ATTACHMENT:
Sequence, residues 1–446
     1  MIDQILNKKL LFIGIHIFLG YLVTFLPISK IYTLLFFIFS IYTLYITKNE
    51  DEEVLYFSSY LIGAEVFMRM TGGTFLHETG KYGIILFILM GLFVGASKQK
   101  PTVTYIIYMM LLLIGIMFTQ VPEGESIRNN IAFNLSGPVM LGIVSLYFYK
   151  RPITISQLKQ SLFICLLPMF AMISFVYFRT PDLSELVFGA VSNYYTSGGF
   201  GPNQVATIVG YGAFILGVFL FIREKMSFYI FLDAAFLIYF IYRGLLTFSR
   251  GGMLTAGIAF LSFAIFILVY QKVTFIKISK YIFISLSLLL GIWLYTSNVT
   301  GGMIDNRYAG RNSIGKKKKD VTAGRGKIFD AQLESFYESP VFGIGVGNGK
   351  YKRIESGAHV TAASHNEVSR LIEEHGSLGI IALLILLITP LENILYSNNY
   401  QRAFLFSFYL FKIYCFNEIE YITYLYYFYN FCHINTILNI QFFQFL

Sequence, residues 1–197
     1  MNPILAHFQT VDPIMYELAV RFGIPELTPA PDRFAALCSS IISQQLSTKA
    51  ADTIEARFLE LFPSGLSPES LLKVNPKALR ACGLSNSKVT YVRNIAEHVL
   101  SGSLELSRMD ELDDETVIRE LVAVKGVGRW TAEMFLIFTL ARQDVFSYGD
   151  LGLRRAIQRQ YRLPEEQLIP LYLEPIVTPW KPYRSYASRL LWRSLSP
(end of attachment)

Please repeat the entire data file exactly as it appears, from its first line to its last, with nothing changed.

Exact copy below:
Sequence, residues 1–446
     1  MIDQILNKKL LFIGIHIFLG YLVTFLPISK IYTLLFFIFS IYTLYITKNE
    51  DEEVLYFSSY LIGAEVFMRM TGGTFLHETG KYGIILFILM GLFVGASKQK
   101  PTVTYIIYMM LLLIGIMFTQ VPEGESIRNN IAFNLSGPVM LGIVSLYFYK
   151  RPITISQLKQ SLFICLLPMF AMISFVYFRT PDLSELVFGA VSNYYTSGGF
   201  GPNQVATIVG YGAFILGVFL FIREKMSFYI FLDAAFLIYF IYRGLLTFSR
   251  GGMLTAGIAF LSFAIFILVY QKVTFIKISK YIFISLSLLL GIWLYTSNVT
   301  GGMIDNRYAG RNSIGKKKKD VTAGRGKIFD AQLESFYESP VFGIGVGNGK
   351  YKRIESGAHV TAASHNEVSR LIEEHGSLGI IALLILLITP LENILYSNNY
   401  QRAFLFSFYL FKIYCFNEIE YITYLYYFYN FCHINTILNI QFFQFL

Sequence, residues 1–197
     1  MNPILAHFQT VDPIMYELAV RFGIPELTPA PDRFAALCSS IISQQLSTKA
    51  ADTIEARFLE LFPSGLSPES LLKVNPKALR ACGLSNSKVT YVRNIAEHVL
   101  SGSLELSRMD ELDDETVIRE LVAVKGVGRW TAEMFLIFTL ARQDVFSYGD
   151  LGLRRAIQRQ YRLPEEQLIP LYLEPIVTPW KPYRSYASRL LWRSLSP